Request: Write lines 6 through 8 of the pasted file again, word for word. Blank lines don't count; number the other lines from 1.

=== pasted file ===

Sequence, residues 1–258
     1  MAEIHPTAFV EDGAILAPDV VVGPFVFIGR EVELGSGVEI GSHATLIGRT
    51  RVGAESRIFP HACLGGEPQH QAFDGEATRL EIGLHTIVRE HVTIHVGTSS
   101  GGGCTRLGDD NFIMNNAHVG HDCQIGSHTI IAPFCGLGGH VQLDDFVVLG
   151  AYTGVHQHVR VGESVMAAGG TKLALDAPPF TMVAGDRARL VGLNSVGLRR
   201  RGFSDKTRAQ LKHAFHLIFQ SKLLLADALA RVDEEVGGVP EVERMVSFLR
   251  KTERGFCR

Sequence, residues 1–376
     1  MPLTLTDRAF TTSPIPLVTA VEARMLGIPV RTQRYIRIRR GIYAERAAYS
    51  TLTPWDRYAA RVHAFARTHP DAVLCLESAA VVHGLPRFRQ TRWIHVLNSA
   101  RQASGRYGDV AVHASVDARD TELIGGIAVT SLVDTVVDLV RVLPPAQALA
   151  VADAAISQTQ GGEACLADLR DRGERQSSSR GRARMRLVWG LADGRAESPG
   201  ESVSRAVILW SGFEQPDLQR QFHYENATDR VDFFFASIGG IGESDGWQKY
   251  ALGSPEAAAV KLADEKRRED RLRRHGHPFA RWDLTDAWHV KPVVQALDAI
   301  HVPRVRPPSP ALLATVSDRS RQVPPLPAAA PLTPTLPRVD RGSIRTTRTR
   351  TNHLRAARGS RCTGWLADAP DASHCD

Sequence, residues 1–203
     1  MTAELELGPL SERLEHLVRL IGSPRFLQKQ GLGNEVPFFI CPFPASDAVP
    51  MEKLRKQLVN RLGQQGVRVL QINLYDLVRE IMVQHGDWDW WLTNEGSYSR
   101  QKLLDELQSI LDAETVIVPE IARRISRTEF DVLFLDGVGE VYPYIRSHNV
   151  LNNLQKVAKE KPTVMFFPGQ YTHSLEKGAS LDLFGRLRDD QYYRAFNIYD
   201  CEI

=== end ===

   201  RGFSDKTRAQ LKHAFHLIFQ SKLLLADALA RVDEEVGGVP EVERMVSFLR
   251  KTERGFCR

Sequence, residues 1–376